COLUMBUS, Ohio (AP)-Now that the NCAA has completed its decision that the five football players at Ohio State who took undue advantage is suspended for the first five games of the 2011 season, "coach Jim Tressel wants Buckeyes same sentence.
On Thursday night, the NCAA denied the appeal on behalf of Ohio State players, including star quarterback Terre Pryor, reiterating that they have to sit in the first five games this fall selling autographed memorabilia and get a small tattoo.
Tressel was given a two-game suspension in a separate study by Ohio State after it was discovered that he had not notified the NCAA's Ohio State governors or compliance department of the school he was ready for more than nine months, including all of its 12-1 team of the season in 2010-the players unfair advantages.
"Throughout all this, my players and I are committed to meet our mistakes and more of them and we can do together successfully," he said in a statement. "I talked to the athletic director (Gene) Smith, and our student athletes, saying that my mistakes need to share the same part of the sanctions."
Ohio State had learned from his players know Tressel "NCAA violations as they prepare a seven-page appeal to the NCAA by suspensions of players. On March 8 Tressel said the university would serve the first two matches the 2011 season.
But before the NCAA could rule on his sentence, he added three games for his punishment.
"Coach Tressel has called for the first five games of the 2011 season. I accepted your request and we will take steps to inform the NCAA," Smith said in a statement. He declined further comment.
The NCAA announced the decision Thursday night for half the basketball tournament of the first men of today. The new football can not overshadow the basketball team opens the NCAA tournament. The Buckeyes are the No. 1 overall seed in the tournament and play Texas-San Antonio in the second round to Cleveland on Friday.
Pryor, with starting offensive lineman Mike Adams, the leading rusher Daniel Herrera, the first team receiver Forward Posey and backup defensive lineman Solomon Thomas, admitted selling rings, trophies and clothing in 2009. Besides being in the first five games against Akron, Toledo, University of Miami, Colorado and Michigan, which must also return to the charity of equivalent benefits they received from $ 1,000 to $ 2,500.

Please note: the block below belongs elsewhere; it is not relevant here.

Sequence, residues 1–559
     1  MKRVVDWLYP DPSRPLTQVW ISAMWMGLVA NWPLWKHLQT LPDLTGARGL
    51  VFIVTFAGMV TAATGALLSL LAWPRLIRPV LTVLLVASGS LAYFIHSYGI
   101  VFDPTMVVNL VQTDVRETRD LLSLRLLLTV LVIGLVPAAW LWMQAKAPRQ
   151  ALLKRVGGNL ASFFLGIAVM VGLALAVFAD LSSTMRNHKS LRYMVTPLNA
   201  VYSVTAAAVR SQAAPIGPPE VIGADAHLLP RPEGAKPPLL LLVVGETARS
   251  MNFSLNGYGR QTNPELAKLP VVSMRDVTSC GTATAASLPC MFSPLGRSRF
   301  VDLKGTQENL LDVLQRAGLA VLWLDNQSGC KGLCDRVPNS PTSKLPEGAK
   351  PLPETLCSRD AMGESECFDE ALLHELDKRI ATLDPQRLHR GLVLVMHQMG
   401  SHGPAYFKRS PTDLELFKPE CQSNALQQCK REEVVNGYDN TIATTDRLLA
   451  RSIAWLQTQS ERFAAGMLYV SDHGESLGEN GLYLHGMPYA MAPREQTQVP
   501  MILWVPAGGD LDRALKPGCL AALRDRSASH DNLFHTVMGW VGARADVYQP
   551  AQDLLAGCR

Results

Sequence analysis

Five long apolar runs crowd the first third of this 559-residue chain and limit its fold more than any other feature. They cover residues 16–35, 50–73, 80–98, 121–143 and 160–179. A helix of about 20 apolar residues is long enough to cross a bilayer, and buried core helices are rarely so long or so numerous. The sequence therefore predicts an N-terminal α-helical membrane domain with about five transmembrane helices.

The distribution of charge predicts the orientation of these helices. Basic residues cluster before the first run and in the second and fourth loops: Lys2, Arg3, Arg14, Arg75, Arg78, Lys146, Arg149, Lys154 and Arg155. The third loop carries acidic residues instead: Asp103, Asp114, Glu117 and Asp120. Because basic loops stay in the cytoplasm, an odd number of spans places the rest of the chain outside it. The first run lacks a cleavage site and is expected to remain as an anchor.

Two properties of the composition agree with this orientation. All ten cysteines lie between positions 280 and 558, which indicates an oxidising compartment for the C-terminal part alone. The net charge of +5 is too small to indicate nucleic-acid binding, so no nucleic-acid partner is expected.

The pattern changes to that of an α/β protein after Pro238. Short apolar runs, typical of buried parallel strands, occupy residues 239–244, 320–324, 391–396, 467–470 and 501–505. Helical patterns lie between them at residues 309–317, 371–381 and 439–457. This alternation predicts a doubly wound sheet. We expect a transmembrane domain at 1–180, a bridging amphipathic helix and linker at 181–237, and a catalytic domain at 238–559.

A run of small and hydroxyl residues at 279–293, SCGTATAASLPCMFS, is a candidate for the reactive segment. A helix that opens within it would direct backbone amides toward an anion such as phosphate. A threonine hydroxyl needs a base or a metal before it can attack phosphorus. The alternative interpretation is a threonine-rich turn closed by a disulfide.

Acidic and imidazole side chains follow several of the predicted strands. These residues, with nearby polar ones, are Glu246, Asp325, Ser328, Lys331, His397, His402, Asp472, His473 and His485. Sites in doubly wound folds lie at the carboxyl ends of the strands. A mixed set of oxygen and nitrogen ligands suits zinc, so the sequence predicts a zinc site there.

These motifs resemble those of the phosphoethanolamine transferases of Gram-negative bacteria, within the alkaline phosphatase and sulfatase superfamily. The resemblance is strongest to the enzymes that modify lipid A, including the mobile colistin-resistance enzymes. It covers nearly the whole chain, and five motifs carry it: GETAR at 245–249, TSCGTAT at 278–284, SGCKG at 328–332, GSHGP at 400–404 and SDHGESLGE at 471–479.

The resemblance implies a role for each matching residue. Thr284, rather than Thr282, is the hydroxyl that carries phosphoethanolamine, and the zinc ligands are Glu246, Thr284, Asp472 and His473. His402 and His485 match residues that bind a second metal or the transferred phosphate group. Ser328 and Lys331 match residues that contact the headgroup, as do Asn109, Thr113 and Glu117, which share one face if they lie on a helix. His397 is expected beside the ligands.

"As in my players, I am very sorry that I made mistakes," Tressel said in a statement. "I ask that my university sanctions now in five games, so players and I can deal with this adversity."
Ohio State has shown the proposed penalties of six players (the second was estimated to be only the suspension of a game) in December. But the NCAA may be all to play for Buckeyes in '31-26 win Arkansas in the Sugar Bowl.
Tressel had repeatedly told investigators that he knew nothing of the players 'rights'. His contract stipulates that they must disclose any violations or to shoot. Yet, he signed the form on NCAA data, last September that he was not aware of any violations, even though he had exchanged e-mail in April and June, the Columbus attorney who said of his players with a tattoo owners lounge Columbus and the interests of the players had received.
Tressel said he did not tell anyone because he felt bound by confidentiality, since the tattoo parlor owner has been under investigation for drug trafficking in the federal government. 11.-year coach of the Buckeyes said he was concerned about security and his players said he had never even thought about the players accepting the undue advantage may affect their eligibility.
In addition to the initial suspension of two games, including Ohio State said Tressel has to pay a fine of $ 250,000 of his annual salary estimated at $ 3.5 million, must attend a compliance seminar will receive a Public reprimand and must apologize for his actions. In several interviews last week in front of fan support, over his appearance was greeted with a standing ovation, Tressel said he regrets his actions and apologized for embarrassing the university.
There is no timetable for further action from the NCAA on Tressel. Even with the appeal is rejected, the penalty for players now closed.
The NCAA could leave the 2010-season because Tressel knowingly used the eligible players.